Cooking for Your Cat: Sky King's Marrow Bones




RFT staff writer Aimee Levitt and her cat, Bess, continue their culinary adventure.

Last Saturday afternoon found me wandering through the Soulard Market feeling glum. It had been nearly two months since I started cooking for Bess and she had yet to eat anything I had served her. Jeff's salmon burgers, yes. Something prepared by my own two hands, no.

Jeff, predictably, was smug.

"Someday," he said, "you, too, will know the joy of watching your cat eat the food you made for her."

His voice echoed in my head and made me especially pissy as I stopped at a booth to buy some bacon. But then, as the woman behind the counter began to weigh out my half-pound, my eye fell upon a sign that read, "Marrow Bone, $1/lb."

Marrow bones and childhood trauma, after the jump...

This gave me pause. Wasn't roasted marrow bone the first meal Jeffrey Steingarten, the inspiration for this project, had prepared for his golden retriever Sky King? And hadn't Sky King devoured it happily and with great enthusiasm, at least as reported in Steingarten's book It Must've Been Something I Ate?

"I'll take a couple of pounds of the marrow bone, too," I said.

I didn't bother to examine the marrow bone until I had gotten it safely home. It must have been a joint of some kind, but the organ it most resembled was the human heart. Only bony. And big. How the hell was Bess supposed to get that into her delicate mouth?

It turns out Steingarten had had Sky King's marrow bone cut into two-inch segments. I do not own any butchering tools. Or even a saw. Whatever. Bess and I are creative individuals. We would improvise! (Of course it may have been improvisation that got us into trouble before, but again, whatever.)

Per Steingarten's instructions, I rubbed the ends of the frozen marrow bone with Kosher salt and then nuked it in the microwave, on high, for ten minutes. Then I roasted it for another twenty in an oven set to 400 degrees. The apartment started to smell really good. Even Bess, who usually only responds to the aroma of raw fish, lifted her head and sniffed the air. I had high hopes.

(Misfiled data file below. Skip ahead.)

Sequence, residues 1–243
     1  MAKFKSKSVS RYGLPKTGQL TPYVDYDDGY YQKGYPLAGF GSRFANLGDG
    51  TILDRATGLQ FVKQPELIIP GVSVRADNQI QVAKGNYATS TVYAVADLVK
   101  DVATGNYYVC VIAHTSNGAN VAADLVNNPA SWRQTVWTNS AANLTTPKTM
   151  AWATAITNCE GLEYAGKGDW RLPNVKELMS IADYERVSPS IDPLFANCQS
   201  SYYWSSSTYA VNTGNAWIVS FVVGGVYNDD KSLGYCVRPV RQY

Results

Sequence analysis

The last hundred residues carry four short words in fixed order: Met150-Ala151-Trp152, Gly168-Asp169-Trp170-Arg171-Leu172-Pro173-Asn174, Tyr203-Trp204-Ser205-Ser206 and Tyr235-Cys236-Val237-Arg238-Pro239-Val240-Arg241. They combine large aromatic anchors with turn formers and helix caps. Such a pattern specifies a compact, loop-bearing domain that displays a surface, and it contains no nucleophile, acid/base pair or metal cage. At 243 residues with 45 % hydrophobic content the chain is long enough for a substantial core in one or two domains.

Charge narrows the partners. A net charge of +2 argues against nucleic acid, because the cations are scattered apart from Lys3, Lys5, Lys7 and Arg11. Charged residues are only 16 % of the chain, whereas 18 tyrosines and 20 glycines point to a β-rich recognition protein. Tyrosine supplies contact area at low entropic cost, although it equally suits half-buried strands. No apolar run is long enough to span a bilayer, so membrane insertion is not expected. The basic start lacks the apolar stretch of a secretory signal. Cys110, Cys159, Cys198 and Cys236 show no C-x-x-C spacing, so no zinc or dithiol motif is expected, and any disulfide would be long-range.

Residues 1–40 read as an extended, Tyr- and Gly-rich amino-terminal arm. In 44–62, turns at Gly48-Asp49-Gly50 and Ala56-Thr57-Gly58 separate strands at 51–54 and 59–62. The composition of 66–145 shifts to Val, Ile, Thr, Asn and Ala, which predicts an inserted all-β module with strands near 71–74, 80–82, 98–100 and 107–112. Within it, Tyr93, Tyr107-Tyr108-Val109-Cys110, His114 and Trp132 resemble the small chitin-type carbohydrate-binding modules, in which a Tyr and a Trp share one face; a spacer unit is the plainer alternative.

The marrow bone, when it emerged from the oven, was a thing of beauty, fragrant and sizzling and glistening with fat. What carnivore could resist it? We waited a few minutes for it to cool "to the temperature of a freshly-killed rabbit," as Steingarten puts it. (This temperature was approximate. I've only seen a freshly killed rabbit once, an unfortunate incident many years ago involving our family dog Trixie and a litter of baby rabbits who had taken up residence in the backyard and, frankly, the whole thing was way too traumatizing for anybody to even consider taking the bunnies' temperature, even if we knew that information would be useful one day.)

But still, that marrow bone was big! I took a stab at it with a steak knife. No joy. (Not that I tried all that hard.) But I could see a tiny bit of reddish-brown marrow. I scooped it out with my knife and deposited it in a bowl. Then I shaved off some of the fatty bits that clung to the bone and dumped those in the bowl, too. They tasted good, like the stuff you nibble off a lamb chop once you've devoured all the meat.


I think Bess agreed. She buried her nose in that bowl right away and it sounded like she was chewing. I moved closer. She was chewing! I felt victorious for a few fleeting moments, until I saw her spit a hunk of fat back out again. I took the bowl away to cut the fat into smaller, Bess-sized pieces, but by the time I put it back on the floor, she had already lost interest.

Throughout the next day or so, I would see Bess with her nose in the bowl, apparently masticating vigorously, but every time I approached with the camera to get some proof that she was actually eating something I cooked for her, she lifted her head to look at me and spoiled the whole thing.

But the curious thing was, there seemed to be the same number of fat pieces in the bowl, though not the marrow. Did Bess just enjoy chewing on the fat for the taste? Did she really like the marrow? She seemed happy. The whole thing is a puzzle that definitely calls for further investigation, with marrow bone cut into manageable pieces, as directed. We shall be mavericks no more.

Home Cooking: 2 (?), Purina: 5, Starbucks: 0

- Aimee Levitt


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